As a kid, Jake (Asa Butterfield) was told stories by his grandfather Abraham (Terence Stamp) about a fantastical children’s home run by Miss Alma LeFay Perigrine (Eva Green), though Jake stopped believing the stories as he got older. One evening, Abraham is attacked by a strange creature and before dying instructs Jake to travel to the island in Wales where Miss Perigrine’s home resides. It turns out that Miss Perigrine and her “peculiar” children, including lighter than air Emma (Ella Purnell), are hidden in a time loop in 1943, with Miss Perigrine using her abilities to manipulate time to reset the day before a bomb destroys the home. However, the children’s existence is threatened by rogue peculiars known as Wights, led by Mr. Barron (Samuel L. Jackson), as well as the invisible and monstrous Hollowgasts. It has been more than three decades since 1985’s Pee Wee’s Big Adventure introduced the world to the fantastical imagination of director Tim Burton. However, some would argue that Burton’s output has grown stale in recent years, with the critically lambasted Dark Shadows in 2012 marking a low point in his career, though some of the more cynical would probably say that Burton hasn’t made a decent film since 1994’s Ed Wood. After scaling back with the relatively non-fantastical biopic Big Eyes in 2014, Tim Burton returns to the genre he is most known for with this adaptation of the 2011 young adult novel by Ransom Riggs. The...

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TIFF 2016 Review: Short Cuts Programme 7

The film selection of Short Cuts Programme 7 covers themes ranging from the loss of land to the effect technology has on our lives, along with love, loss, and general relationships. Half of the films in this programme are by Canadian filmmakers, with there also being films from the USA, UK, Sweden, and Israel. Gods Acre – 15 Minutes Despite the climate change induced rising water levels, Frank refuses to leave his family’s ancestral Cree lands. Gods Acre is a very sombre short film about Frank going about his business on his land, even though there is a growing flood that is getting closer to his cabin. The only thing that keeps Gods Acre from being a truly excellent film is a scene featuring two Mounties, in full regalia, confronting Frank with an order to evacuate. Showing fully uniformed RCMP officers is playing up to a Canadian stereotype, which causes an otherwise serious film to briefly drop down into satire, even if the scene is meant to comment on the general relationship between the Canadian government and indigenous people. Despite all that, Gods Acre is still a profound film. TMG_103 (rough cut) – 5 Minutes Presented as behind-the-scenes footage on a film set, an actress is pressured by her director to perform a fully nude sex scene. TMG_103 (rough cut) does a lot in its five minute running time to expose the inherent sexism in the film...

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TIFF 2016 Review: Short Cuts Programme 5

A theme that seems to prevalent in the films of Short Cuts Programme 5 is in how each of these short films seem to feature a protagonist who is either an outcast or going through some sort of personal dilemma. This selection is also incredibly diverse, featuring selections from Canada, Aremina, Lebanon, and Tanzania. However, the shorts all feature some similar issues, which will be discussed further as each film is looked at individually. BLACK HEAD COW – 12 Minutes Naserian is a bright child in a Maasai village, who is suddenly confronted with an arranged marriage she is expected to participate in. BLACK HEAD COW is written and produced by the students of the Orkeeswa School in Tanzania. The film deals with the dilemma involving the conflict between the desire for education with the cultural traditions of this village, with Naserian being expected to marry and older man, even though she wants to continue with her studies, which she is excelling in. It’s a shame that the film doesn’t really go too deep into this dilemma, with the film essentially ending on an ultimatum. Mutants – 16 Minutes On the first day of the baseball season, an accident leaves Keven with a hideous black eye. However, his paraplegic coach takes Keven under his wing and through the coach’s guidance comes of age through sex, sports, and scandal. Mutants would probably be a bit better as a...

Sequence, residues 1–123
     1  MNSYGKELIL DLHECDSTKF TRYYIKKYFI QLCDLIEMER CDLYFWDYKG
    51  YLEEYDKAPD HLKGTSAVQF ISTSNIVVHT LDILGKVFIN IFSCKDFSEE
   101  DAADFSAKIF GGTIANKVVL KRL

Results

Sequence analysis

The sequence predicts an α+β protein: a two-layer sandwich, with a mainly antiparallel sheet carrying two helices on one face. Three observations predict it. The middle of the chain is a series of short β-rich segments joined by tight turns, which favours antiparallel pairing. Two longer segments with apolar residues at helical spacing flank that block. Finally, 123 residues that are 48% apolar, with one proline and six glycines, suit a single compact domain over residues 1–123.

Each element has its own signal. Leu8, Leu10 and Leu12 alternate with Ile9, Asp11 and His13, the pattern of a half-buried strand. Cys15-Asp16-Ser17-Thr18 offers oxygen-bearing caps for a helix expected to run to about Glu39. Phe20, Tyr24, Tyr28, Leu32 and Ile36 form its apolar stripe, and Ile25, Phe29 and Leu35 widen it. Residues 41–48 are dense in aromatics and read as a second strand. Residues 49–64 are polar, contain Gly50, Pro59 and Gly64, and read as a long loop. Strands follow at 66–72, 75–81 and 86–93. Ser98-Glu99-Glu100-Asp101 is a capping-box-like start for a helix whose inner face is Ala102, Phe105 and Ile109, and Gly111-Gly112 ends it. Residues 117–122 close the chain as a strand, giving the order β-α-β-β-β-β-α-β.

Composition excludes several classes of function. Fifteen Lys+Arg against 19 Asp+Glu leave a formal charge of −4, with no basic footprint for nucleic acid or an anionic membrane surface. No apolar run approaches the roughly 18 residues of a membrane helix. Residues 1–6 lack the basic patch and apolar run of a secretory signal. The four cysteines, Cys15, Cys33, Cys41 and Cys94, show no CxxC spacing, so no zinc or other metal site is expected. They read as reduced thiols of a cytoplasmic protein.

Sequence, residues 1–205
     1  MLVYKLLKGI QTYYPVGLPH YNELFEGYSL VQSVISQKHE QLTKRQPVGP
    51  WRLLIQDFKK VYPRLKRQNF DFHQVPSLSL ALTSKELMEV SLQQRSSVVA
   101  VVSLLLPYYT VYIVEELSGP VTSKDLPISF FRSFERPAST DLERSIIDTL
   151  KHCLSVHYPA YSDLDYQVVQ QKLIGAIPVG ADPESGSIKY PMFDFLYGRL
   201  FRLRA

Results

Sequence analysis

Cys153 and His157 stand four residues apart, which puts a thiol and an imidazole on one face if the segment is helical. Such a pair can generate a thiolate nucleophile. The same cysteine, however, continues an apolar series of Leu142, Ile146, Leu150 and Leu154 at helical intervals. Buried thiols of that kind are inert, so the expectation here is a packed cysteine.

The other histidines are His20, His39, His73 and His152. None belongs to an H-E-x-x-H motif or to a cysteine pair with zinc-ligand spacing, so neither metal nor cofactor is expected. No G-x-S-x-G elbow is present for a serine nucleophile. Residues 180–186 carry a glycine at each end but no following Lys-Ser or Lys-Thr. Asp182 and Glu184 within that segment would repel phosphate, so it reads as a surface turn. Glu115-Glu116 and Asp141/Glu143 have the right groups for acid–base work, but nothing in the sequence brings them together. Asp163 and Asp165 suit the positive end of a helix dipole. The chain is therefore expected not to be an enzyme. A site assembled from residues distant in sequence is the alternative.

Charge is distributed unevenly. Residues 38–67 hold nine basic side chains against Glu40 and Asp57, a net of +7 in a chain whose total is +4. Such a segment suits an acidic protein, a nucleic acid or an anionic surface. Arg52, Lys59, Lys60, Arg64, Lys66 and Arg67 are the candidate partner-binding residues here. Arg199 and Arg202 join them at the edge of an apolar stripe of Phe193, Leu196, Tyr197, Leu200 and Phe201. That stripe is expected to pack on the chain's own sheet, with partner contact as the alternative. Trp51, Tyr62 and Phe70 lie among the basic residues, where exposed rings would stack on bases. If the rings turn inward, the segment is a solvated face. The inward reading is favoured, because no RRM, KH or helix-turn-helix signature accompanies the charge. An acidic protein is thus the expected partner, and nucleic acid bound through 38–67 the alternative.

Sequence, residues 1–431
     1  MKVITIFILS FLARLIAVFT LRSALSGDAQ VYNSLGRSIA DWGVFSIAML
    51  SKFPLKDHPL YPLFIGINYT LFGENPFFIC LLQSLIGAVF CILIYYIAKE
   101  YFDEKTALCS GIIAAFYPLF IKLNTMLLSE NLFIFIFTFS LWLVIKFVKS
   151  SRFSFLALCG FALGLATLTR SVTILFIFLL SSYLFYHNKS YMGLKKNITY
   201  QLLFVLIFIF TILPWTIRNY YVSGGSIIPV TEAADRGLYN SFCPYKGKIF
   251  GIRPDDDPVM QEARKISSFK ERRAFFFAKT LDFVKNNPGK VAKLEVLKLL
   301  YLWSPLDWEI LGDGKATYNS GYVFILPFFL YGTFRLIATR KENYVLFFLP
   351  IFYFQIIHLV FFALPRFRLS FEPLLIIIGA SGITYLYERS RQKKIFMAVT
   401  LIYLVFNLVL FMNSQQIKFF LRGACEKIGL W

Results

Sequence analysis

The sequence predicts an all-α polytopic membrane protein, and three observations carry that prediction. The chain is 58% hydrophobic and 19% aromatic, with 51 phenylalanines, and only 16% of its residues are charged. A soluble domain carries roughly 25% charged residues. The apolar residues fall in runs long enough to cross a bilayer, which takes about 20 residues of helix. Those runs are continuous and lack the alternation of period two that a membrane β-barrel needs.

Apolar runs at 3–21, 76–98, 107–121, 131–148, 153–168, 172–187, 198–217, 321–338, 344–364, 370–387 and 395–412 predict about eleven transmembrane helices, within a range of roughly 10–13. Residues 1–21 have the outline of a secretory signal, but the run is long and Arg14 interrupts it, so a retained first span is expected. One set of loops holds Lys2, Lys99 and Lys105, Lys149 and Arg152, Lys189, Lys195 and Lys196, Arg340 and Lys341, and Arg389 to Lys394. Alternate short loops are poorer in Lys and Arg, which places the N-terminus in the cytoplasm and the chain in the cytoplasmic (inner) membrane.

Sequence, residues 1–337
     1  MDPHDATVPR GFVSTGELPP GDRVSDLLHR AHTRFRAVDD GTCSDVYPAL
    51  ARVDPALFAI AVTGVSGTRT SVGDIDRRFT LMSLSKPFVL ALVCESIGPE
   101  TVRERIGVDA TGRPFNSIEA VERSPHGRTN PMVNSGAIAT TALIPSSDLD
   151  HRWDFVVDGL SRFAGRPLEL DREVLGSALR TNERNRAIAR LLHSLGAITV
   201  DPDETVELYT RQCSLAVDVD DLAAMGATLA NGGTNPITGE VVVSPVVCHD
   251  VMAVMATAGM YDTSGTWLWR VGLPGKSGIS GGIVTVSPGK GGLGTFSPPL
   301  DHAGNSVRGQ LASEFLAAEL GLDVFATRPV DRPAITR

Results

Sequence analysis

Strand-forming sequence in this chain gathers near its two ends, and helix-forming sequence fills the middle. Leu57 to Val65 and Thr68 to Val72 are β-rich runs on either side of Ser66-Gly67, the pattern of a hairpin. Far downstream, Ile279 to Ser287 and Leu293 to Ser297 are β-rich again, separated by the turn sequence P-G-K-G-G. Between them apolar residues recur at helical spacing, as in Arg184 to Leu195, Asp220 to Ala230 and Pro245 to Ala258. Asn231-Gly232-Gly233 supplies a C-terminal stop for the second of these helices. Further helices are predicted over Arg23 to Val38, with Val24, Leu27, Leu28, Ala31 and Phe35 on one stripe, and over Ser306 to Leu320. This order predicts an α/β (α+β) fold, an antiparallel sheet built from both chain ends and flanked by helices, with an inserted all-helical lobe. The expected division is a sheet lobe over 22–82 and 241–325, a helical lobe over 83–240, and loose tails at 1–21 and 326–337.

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Review: The Light Between Oceans

Tom Sherbourne (Michael Fassbender) is a shell shocked First World War veteran, who accepts a job as a lighthouse keeper on the island of Janus, just off the coast of Western Australia. After months of living isolated on the island, Tom falls in love with and marries Isabel Graysmark (Alicia Vikander), the daughter of friends on the mainland, and the two prepare for life together on Janus. One day a rowboat washes to shore, containing the corpse of a man and an infant girl. Suffering from grief after a series of miscarriages, Isabel begs Tom not to report the baby, which they can just raise as their own. However, Tom begins to feel some major regret over this decision when he finds out about the baby’s grieving biological mother Hannah Roennfeldt (Rachel Weisz). The Light Between Oceans is a romantic drama based on the 2012 novel of the same name by M.L. Stedman. Derek Cianfrance (Blue Valentine, The Place Beyond the Pines) writes and directs this adaption, featuring the stacked cast of Michael Fassbender, Alicia Vikander, and Rachel Weisz. However, despite the talents both in front of and behind the camera, The Light Between Oceans can’t escape the trappings of similar weepy melodramas. At least half of The Light Between Oceans is spent solely on Tom and Isabel’s life on the island, with there being many silent montages, accompanied by the melancholy score by Alexandre Desplat. The film is...